By Barbara Starr
There were preliminary signs on Wednesday that North Korea may not be in total control of a satellite less than 24 hours after it was blasted into orbit, a U.S. official told CNN.
"There are some initial indications they might not have full control," the official said of the device that was the payload for North Korea's first successful long-range rocket launch.
The official, who has access to the latest U.S. assessment, declined to be identified by name due to the sensitive nature of the information.
The satellite, described by one U.S. defense official as a rudimentary communications satellite with limited capability, is on a Polar orbit, meaning it is moving between the North and South poles.
Since there are issues about control, the United States is not certain the satellite is in a fully stable orbit.
"We don't know. We are still trying to figure that out," the U.S. official said.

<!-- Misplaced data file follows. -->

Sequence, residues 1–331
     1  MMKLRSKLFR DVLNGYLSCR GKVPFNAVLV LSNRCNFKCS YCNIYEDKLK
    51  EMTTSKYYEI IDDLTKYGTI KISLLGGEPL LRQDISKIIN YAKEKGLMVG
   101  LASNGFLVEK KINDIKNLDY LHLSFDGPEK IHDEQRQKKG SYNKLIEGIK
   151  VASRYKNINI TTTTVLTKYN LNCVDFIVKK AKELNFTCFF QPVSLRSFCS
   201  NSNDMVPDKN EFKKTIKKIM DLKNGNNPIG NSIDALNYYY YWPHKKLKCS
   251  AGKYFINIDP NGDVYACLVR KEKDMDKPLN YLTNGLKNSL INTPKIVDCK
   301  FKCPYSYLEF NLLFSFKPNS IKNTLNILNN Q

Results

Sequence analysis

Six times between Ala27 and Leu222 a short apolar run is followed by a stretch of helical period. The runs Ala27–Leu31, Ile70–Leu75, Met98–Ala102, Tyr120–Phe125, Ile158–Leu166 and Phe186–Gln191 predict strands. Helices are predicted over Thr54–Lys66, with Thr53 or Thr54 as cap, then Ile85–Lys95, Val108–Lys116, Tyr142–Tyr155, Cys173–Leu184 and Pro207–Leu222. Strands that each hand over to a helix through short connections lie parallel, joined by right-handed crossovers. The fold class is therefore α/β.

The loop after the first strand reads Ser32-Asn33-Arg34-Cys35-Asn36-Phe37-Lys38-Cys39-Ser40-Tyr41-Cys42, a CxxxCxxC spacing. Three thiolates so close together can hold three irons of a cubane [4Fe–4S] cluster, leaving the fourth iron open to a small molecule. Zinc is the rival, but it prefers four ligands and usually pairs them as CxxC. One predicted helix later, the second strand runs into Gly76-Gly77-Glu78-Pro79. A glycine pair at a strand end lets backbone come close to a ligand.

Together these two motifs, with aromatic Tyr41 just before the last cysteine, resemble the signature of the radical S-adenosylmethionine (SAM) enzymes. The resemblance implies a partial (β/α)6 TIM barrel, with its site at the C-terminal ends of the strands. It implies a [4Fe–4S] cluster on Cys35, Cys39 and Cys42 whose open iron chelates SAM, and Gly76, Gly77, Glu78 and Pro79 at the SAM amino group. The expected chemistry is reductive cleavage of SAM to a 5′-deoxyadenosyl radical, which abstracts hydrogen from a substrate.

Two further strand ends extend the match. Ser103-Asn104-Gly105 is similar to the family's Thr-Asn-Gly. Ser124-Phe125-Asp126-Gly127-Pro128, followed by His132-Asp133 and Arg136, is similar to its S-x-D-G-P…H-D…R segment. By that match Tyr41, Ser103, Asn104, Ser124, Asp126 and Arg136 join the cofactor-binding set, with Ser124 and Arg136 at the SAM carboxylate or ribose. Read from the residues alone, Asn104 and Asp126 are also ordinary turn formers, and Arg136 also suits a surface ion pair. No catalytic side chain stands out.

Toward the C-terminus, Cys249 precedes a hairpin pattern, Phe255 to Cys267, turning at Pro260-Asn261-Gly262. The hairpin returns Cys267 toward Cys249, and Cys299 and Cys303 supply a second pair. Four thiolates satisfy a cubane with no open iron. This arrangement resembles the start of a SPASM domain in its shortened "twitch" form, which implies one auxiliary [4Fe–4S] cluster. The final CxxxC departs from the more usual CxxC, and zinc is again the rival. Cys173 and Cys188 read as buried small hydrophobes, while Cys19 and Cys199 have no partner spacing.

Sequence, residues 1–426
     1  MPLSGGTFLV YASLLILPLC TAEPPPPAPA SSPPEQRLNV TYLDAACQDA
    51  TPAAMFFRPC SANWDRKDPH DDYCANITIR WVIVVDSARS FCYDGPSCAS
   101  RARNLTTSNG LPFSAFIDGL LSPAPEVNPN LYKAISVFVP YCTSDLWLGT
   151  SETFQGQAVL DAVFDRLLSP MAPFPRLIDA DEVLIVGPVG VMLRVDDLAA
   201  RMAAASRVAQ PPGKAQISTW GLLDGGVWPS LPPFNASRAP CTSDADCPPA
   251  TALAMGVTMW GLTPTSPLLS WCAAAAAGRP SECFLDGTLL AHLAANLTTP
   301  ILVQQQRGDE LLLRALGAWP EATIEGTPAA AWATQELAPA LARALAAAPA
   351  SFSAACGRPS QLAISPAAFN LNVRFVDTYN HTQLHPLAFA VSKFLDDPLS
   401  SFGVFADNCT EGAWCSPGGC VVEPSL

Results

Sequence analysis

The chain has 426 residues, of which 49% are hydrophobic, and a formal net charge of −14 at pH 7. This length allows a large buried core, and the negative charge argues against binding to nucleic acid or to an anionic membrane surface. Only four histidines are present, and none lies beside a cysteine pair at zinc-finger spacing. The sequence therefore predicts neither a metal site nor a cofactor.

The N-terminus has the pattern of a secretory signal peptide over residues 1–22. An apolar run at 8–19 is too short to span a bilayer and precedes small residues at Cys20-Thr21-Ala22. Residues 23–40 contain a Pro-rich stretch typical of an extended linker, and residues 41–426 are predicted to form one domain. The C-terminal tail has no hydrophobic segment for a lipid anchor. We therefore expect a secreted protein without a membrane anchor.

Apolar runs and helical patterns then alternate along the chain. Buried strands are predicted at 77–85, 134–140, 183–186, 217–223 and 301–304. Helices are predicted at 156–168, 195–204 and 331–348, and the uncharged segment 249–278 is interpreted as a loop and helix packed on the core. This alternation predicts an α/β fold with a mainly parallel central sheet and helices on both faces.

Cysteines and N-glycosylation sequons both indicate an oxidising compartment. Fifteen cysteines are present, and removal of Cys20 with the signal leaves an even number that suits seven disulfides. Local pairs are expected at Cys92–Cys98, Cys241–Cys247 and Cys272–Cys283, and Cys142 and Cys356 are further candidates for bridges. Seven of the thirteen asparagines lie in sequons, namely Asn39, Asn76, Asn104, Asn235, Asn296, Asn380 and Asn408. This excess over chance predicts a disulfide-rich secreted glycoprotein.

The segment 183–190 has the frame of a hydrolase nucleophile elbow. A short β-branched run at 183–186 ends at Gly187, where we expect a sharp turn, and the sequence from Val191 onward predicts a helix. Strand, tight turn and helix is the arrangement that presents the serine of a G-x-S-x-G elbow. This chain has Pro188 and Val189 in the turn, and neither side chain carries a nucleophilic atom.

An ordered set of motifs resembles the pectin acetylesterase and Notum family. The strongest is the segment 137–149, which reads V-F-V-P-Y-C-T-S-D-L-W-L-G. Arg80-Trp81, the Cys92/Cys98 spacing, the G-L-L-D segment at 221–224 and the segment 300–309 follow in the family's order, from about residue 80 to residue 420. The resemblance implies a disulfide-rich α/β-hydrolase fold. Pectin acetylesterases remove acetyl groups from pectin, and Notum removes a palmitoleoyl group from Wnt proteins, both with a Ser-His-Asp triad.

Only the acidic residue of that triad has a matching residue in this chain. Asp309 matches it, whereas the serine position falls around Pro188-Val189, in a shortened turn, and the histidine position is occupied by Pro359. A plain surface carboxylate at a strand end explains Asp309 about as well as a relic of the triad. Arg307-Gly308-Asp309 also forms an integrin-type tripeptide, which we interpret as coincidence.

However, he also cautioned the satellite could stay in its relatively low altitude orbit for months before either burning up or falling back to Earth.
Defense Secretary Leon Panetta alluded to the problem in an interview Wednesday that was to air on CNN's 'Erin Burnett OutFront."
"I think we still have to assess exactly what happened here," Panetta told Burnett in the interview.
Panetta said part of that scrutiny was to look at the final stage that launched the satellite into orbit "to determine whether or not that did work effectively or whether it tumbled into space."
The official cautioned that the North Koreans could resolve whatever technical issues they may be facing. While not necessarily fully handling the satellite, it is not thought to be spinning uncontrollably.
In a key indicator of a potential problem, there was no indication that North Korea's ground control had sent a crucial radio signal to the satellite, the official explained.
That type of signal is expected almost immediately as it is used to order the satellite to deploy solar panels that power its electronics.